The following is a letter to the editor and does not necessarily reflect the opinion of the VOICE editorial staff.
Ambiguity is one of the few certainties in life. Learning to live comfortably with life’s many uncertainties is a sign of maturity and emotional healthiness.
Despite that truism, needless and intentional ambiguity corrodes relationships and harms trust. MCCC could use some strong relationships and trust right now.
One obvious obstacle to building relationships and trust is a needless ambiguity that can be clarified, if we have the courage and willingness to learn. It is in our collective interest to seek some clarity on one simple question: Was the recent faculty job action legal under their contract, as they claim, or illegal as the administration and board claim?
At the moment, neither side can conclusively prove their claim. And the opportunity to find out what the New Jersey Public Employment Relations Commission – the ruling body in such labor disputes – would say was lost when both sides conveniently agreed to drop the college’s unfair labor practices complaint about the job action when the contract was ratified and faculty returned to all duties.
This entire episode carried a high human cost. Students were harmed, trust was eroded, and relationships were (at best) strained or (at worst) broken. Morale is extremely low and resumes and CVs of good people are going out the door with the sincere hope by their owners that they can follow shortly.
If it was legal, the board and administration need to learn and make amends. They claimed the job action was illegal. They moved to end the employment of some junior faculty members during the job action. They also notified faculty members that performance reviews could suffer because of alleged contract violations.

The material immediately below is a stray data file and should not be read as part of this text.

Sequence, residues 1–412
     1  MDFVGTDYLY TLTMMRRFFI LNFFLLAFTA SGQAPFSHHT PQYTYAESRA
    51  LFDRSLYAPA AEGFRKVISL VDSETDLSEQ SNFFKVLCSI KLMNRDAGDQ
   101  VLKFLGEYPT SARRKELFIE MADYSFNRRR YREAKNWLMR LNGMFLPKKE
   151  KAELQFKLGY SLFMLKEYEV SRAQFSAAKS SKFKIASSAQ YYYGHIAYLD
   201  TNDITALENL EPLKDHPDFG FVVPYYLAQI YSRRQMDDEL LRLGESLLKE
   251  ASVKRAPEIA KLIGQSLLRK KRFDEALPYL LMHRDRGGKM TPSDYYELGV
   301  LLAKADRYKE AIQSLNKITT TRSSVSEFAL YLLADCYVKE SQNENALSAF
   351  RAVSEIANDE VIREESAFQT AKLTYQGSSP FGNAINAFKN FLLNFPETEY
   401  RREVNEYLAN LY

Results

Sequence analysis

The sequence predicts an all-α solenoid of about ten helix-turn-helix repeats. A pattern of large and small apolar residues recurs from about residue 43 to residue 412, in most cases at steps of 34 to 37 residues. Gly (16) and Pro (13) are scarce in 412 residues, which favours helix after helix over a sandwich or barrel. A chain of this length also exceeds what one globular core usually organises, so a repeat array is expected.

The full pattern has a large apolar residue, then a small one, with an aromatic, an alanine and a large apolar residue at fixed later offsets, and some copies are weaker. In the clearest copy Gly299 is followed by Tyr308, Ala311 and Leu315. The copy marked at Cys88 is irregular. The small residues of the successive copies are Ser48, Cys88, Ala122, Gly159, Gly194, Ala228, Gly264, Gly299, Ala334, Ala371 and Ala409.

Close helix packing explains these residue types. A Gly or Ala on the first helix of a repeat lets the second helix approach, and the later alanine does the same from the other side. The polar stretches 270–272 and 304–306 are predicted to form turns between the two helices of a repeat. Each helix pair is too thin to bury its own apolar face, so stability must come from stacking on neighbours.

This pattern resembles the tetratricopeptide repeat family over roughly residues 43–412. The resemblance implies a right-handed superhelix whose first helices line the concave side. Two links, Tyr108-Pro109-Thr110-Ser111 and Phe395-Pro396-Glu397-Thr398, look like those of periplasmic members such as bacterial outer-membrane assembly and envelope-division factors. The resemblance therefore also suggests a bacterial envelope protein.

If the job action was legal, none of that should have happened. If the job action was legal, the college board engaged in an unfair labor practice. They damaged the institution’s future on the basis of authority, rather than the basis of fact.
However, if the job action was illegal, the faculty got a “do over” on a collective decision that would have brought career and financial disaster for the rest of us. They need to take responsibility for recklessly leading and quietly following. (The vote for the job action was reportedly unanimous, so nobody can say they had no choice or responsibility.)
If the job action was illegal, faculty members would show some class by acknowledging that many MCCC staff people covered them – both with students and on critical school-wide initiatives – while the faculty indulged harmful behavior.
More importantly, if it was illegal, those of us who carried that load would appreciate assurances that a job action will not happen again. We should not have a special elite class above the law, nor should enlightened professionals seek special treatment at the expense of others.
I know many good and honorable faculty members who will commit to sticking with legal means if the job action is clarified as illegal. Until there is clarity, however, there can be no informed decisions on either side.
While we seek clarity on the question of legality, there is one other question we can answer in the meantime: “Did we learn anything for the high price we paid?” Learning produces value from an otherwise harmful episode.
Being human, both sides are more than willing to say that the other side (the proverbial “they”) did not learn much. We are all less prone to examine whether “we” learned anything that might prevent future disasters.
Try asking anybody on campus, “What did we learn from the recent job action episode?” Often, you will get a shrug that implies, “We learned nothing,” or you will hear what both parties believed going into this fight: “They” (the folks on the other side of the issue) proved they are bad people. “
Neither answer shows learning from this costly episode. Bluntly, we are an institution of higher learning that refuses to learn. Because we have not learned, we are doomed to repeat the same mistakes again and again.
There can be no more damning indictment of us collectively than that we are failing to do what we claim to be. There is no higher cost for such carelessness than seeing students and good staff harmed needlessly.